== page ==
Scientists at the Norfolk State University may laid claim to a "world's smallest laser" title just a few short weeks ago with the aid of some newfangled "spasers," but it looks like the folks at UC Berkeley at hot on their heels with some tiny lasers of their own, and they've now announced what they claim to be the worlds smallest semiconductor laser. Unlike Norfolk State's solution, the Berkeley researchers apparently relied primarily on standard semiconductor materials and fabrication technologies commonly used today, but devised a new means to squeeze the visible light into a 5 nanometer gap (about the size of a single protein molecule), while also using some newly-engineered "hybrid surface plasmons" to keep the light from dissipating as it moves along. That, the researchers say, represents nothing short of a "new milestone in laser physics," and could pave the way for everything from new nanolasers that can probe, manipulate and characterize DNA molecules to new breakthroughs in computing that could see light replacing electronic circuitry "with a corresponding leap in speed and processing power."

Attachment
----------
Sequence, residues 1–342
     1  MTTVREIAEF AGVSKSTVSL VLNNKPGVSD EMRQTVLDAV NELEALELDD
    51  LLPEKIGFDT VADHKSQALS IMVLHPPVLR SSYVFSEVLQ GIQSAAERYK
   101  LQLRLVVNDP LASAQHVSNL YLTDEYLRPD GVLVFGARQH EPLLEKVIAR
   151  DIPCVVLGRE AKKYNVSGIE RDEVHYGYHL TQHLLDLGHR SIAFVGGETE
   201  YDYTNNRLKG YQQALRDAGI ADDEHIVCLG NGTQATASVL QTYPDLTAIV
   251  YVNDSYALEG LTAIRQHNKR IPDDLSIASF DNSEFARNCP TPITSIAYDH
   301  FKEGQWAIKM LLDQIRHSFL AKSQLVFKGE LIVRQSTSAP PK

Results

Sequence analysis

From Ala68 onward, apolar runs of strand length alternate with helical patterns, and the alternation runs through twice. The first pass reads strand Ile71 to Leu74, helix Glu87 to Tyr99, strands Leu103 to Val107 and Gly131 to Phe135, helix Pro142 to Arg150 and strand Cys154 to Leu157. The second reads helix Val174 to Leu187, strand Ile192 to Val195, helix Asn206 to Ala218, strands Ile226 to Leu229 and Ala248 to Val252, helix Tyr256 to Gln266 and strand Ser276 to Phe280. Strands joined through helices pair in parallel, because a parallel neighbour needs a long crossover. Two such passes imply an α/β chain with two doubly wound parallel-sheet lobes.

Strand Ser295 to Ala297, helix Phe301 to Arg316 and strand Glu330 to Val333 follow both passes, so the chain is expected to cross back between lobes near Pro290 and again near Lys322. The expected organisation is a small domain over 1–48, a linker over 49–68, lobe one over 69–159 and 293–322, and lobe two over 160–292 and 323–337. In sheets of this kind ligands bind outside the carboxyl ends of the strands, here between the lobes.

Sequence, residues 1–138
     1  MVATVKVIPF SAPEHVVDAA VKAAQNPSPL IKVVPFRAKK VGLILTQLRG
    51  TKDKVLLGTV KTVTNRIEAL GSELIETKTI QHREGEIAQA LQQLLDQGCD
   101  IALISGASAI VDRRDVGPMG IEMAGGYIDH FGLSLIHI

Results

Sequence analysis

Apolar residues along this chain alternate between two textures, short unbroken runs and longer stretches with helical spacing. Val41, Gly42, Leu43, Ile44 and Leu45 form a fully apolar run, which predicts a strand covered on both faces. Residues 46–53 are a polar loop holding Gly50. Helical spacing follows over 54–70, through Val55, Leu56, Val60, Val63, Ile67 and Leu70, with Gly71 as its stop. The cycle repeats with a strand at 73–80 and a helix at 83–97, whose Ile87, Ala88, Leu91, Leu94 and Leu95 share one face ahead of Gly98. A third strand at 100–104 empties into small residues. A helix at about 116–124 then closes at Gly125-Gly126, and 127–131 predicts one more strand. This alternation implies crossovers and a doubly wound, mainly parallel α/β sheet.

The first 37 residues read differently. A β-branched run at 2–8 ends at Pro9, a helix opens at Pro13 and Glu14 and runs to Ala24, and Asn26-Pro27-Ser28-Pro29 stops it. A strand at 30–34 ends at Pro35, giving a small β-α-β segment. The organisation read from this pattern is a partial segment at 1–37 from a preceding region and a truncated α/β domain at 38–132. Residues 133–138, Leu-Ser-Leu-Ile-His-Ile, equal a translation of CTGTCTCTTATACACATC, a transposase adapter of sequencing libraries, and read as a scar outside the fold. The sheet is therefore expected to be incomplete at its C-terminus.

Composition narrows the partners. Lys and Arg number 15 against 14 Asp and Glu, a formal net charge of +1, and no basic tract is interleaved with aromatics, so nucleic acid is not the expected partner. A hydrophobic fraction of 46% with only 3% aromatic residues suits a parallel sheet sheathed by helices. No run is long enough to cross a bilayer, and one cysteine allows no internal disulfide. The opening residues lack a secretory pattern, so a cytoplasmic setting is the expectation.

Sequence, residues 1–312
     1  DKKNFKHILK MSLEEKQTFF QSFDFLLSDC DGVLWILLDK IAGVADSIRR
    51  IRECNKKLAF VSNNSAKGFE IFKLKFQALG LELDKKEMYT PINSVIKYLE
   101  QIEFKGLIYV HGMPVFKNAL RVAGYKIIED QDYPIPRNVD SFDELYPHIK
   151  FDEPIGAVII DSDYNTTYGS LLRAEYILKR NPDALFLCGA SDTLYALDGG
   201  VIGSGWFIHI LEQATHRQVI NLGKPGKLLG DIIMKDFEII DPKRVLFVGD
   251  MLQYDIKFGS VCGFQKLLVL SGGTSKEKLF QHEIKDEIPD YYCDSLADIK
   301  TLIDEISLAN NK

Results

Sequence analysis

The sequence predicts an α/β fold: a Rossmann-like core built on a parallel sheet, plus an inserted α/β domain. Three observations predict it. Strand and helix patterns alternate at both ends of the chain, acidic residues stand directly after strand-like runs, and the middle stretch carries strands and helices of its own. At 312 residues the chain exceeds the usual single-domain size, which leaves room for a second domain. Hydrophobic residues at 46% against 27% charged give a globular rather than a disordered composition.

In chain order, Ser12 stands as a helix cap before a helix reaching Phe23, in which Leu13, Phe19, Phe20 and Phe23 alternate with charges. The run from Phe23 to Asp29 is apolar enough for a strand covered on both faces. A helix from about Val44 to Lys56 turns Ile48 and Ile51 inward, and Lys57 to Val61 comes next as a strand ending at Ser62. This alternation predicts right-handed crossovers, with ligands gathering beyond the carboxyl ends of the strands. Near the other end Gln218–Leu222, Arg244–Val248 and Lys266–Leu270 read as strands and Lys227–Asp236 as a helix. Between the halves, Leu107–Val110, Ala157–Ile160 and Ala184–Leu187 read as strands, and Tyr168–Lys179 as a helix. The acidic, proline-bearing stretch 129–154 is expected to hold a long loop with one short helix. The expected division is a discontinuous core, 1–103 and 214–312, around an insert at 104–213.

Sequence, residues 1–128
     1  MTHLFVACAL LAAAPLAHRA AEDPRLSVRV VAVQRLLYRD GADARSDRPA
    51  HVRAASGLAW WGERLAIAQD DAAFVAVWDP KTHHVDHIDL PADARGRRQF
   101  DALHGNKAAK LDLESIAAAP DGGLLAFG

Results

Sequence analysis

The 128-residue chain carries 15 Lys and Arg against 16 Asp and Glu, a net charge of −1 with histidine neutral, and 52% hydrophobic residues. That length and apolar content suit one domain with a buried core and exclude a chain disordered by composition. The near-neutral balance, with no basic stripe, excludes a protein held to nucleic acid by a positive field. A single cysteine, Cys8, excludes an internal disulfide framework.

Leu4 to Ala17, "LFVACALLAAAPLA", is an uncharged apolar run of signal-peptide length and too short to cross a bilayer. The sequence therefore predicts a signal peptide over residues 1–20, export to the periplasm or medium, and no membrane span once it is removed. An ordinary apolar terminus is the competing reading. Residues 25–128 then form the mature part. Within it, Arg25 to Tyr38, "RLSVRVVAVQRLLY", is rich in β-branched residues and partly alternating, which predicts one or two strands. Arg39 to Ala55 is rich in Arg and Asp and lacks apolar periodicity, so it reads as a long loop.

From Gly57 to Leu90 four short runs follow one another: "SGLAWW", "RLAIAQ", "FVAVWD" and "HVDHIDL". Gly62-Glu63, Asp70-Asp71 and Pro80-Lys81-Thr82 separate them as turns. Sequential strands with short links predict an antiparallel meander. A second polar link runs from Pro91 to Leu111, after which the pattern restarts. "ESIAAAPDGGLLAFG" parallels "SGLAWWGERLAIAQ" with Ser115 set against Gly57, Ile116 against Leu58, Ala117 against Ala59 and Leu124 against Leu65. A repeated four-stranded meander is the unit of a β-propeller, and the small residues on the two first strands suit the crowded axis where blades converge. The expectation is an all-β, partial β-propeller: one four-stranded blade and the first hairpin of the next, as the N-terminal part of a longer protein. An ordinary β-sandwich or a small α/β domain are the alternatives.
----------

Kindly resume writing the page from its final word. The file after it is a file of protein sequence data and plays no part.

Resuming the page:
[Via DailyTech]

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